Since 3 act tasks are all about exploration and questioning, I never tell my students what the objective is when we are working on a 3 act task.  My first slide always starts out: Objective: Tell Me At the End.

When I started doing more 3 act tasks in classrooms, I noticed some visible tension when I showed this slide and announced to students that “Today I’m not going to tell you what we’re learning about in math.  You are going to tell me.  We’re going to do some wondering and some thinking and some talking and some questioning and then you’re going to tell me what math you did today.  I know I (or your teacher) usually start out by saying today in math we are going to learn about blah blah blah.  But not today.”

I can truthfully say that this is one of the best things I ever did in math class.  Students really seem to enjoy the wrap up when they get to tell me what math they did.  The best thing is that they usually come up with about 4 more objectives than what I would have written on the board.  It’s also a natural closure for the lesson and students get to have the final word.

Now that several classrooms have had me teach a few 3 act lessons, I can hear students start talking early in the lesson about what math operations they will be using which really opens up some great dialogue and reinforces vocabulary.  I have to wonder which objective they will remember at the end of the day.  The one the teacher wrote on the board, or the one they typed out?

3 Act Lessons with Nearpod

Both of my schools are part of the Ignite initiative in our district which means that my 3-5 graders are 1:1 using Chromebooks and K-2 are about 1:3 with iPad minis.  It is really exciting to finally get to make use of the opportunities offered on the web for boosting student engagement, modelling with mathematics, and student collaboration and reflection.  But what I was most excited about, was finding a program or app that would allow me to make 3 Act tasks more interactive for everyone.  I wanted each student to get the opportunity to share their thinking after they discussed their thoughts and strategies with their groups.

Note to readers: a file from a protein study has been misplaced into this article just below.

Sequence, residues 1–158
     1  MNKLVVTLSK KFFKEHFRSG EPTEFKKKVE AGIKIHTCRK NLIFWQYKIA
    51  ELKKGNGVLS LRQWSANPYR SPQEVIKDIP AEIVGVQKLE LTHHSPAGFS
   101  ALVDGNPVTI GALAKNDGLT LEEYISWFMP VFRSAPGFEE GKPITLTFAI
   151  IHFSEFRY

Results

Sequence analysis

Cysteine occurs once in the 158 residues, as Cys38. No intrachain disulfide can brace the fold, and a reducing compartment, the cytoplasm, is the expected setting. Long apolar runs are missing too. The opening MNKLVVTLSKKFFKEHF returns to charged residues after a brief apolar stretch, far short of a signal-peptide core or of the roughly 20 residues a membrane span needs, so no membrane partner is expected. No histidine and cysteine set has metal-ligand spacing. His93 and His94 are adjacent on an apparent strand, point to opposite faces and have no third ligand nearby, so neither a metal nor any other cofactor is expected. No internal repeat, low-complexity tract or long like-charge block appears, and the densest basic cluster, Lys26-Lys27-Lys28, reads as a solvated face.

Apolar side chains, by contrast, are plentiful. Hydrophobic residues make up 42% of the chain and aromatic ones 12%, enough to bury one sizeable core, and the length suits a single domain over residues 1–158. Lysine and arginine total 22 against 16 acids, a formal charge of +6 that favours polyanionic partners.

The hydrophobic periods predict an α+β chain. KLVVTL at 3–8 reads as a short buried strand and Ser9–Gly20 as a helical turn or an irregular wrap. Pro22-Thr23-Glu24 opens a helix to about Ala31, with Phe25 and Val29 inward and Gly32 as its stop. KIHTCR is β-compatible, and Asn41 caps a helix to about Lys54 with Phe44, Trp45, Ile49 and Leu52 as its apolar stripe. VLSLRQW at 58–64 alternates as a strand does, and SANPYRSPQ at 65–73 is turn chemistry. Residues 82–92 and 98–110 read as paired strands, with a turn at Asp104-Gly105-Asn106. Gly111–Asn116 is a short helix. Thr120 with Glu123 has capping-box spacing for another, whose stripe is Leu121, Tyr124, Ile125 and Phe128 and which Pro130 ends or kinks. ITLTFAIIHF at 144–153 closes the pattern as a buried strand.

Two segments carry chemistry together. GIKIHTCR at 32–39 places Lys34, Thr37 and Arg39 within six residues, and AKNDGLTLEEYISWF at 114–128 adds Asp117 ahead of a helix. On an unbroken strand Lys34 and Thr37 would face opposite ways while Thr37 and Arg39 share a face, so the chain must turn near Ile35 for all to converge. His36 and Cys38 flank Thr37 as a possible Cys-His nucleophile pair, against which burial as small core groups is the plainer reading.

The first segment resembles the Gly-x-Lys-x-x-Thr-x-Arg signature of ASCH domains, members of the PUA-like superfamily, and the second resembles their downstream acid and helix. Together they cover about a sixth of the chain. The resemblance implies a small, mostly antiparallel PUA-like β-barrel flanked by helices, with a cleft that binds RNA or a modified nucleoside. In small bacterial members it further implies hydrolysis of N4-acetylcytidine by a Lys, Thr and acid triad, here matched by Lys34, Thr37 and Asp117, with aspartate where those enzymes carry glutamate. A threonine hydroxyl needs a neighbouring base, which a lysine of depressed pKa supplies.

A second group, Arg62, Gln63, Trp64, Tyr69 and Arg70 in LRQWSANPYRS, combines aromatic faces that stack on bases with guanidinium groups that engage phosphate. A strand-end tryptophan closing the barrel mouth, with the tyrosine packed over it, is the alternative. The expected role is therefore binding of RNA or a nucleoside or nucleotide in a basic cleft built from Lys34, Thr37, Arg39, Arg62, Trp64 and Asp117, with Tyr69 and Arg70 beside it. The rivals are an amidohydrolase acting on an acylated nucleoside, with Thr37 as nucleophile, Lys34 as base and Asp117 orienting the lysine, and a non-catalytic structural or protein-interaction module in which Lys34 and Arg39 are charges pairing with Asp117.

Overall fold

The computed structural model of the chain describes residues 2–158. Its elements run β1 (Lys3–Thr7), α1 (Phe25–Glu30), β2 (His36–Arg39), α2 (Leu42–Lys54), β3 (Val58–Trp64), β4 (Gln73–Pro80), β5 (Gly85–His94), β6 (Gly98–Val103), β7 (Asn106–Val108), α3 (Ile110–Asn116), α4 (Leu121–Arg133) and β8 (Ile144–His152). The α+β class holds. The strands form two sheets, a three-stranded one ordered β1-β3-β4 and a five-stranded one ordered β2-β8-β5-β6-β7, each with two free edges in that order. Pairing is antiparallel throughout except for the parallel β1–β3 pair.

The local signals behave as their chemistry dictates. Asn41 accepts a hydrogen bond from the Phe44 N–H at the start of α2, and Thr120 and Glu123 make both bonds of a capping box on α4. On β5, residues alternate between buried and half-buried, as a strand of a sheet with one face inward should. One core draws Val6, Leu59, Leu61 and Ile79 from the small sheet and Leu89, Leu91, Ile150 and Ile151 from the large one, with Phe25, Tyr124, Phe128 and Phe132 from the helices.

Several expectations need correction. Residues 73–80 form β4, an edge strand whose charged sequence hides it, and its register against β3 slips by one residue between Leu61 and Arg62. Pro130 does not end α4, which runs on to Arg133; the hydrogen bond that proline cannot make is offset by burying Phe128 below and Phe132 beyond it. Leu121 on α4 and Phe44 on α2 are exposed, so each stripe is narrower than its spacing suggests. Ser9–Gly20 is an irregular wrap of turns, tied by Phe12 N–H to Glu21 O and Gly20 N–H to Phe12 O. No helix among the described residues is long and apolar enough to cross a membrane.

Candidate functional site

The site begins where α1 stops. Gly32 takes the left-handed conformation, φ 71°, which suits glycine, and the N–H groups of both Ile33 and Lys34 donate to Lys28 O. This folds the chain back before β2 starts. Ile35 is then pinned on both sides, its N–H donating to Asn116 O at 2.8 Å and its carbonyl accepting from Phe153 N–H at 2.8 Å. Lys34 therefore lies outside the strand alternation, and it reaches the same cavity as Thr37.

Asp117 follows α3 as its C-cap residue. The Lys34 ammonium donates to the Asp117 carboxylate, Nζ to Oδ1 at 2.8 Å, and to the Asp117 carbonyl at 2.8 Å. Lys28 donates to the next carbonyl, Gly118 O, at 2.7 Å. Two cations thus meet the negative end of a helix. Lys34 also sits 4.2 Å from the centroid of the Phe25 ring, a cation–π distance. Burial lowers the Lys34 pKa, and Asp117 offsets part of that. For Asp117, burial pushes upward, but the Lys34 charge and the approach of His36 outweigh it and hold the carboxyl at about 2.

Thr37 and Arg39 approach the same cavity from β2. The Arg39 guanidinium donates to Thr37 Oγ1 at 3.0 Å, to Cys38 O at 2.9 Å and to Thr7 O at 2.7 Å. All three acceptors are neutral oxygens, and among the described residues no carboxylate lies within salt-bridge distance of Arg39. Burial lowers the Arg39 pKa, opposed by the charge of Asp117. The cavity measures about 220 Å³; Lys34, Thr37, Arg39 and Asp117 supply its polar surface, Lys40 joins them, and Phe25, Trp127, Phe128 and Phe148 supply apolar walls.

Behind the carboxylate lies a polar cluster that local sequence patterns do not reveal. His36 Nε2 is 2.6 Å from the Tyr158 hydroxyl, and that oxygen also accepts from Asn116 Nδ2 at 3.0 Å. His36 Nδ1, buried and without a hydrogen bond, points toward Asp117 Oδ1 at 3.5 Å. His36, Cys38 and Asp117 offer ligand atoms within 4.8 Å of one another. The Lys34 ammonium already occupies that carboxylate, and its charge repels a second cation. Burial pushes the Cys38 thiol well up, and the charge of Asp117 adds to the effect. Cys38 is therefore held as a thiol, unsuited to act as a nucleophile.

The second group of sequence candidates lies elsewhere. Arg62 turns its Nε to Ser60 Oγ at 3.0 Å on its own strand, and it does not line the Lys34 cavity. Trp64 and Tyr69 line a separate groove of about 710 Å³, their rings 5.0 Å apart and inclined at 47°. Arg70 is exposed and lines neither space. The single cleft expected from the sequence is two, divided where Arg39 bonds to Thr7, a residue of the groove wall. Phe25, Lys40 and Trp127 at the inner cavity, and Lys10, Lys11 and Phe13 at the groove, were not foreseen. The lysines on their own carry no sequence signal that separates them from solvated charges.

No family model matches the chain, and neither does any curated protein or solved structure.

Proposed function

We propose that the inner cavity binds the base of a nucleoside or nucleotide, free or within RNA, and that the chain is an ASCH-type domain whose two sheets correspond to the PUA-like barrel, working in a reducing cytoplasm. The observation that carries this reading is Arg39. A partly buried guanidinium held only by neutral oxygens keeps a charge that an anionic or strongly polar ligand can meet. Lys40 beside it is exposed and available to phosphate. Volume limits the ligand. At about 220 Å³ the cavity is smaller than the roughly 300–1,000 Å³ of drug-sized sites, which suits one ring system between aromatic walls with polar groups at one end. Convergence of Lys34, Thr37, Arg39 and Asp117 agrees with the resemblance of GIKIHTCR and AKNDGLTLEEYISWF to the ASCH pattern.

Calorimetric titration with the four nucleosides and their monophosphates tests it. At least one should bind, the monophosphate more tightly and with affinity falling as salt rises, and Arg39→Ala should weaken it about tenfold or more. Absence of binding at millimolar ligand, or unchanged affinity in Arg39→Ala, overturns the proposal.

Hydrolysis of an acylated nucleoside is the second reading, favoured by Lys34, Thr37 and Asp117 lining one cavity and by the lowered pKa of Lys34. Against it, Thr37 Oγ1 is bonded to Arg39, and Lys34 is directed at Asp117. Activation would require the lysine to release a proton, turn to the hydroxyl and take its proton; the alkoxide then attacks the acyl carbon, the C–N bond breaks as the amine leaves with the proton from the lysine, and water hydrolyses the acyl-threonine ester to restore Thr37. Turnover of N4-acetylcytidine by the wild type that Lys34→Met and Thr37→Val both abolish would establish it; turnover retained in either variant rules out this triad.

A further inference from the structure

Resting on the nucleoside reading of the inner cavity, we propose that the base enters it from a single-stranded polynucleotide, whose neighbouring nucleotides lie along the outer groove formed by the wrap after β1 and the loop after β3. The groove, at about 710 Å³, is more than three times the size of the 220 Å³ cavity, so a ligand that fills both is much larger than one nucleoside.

I started by trying our Canvas management system and put the tasks on an assignment page.  The problem with that was that students could look ahead at the reveal if they scrolled down and the reports that I got weren’t great.  I then tried making a Canvas module that would allow me to put each act on a different page and have multiple assignments.  Still clunky.  Still less than meaningful reports.

I tried presenting the tasks on my device and using TodaysMeet for students to share their solutions.  That didn’t keep the information very neat and it was difficult to see everyone’s thinking (I do love this website for number talks though:).

After trying each of these and being disappointed, I was on the hunt for something better.  One night, at a district “Appy Hour” I was excited to see a session that might be just what I needed…and it was!  I started using Nearpod right away.

Pros: Presentation is completely controlled by me when students are on their individual devices.  They cannot progress to the next screen until I move mine.  This to me is very important in a delivery method.

Students can write, draw, or take a picture of their work and upload it.  Then I can share it to each device while they explain their strategy.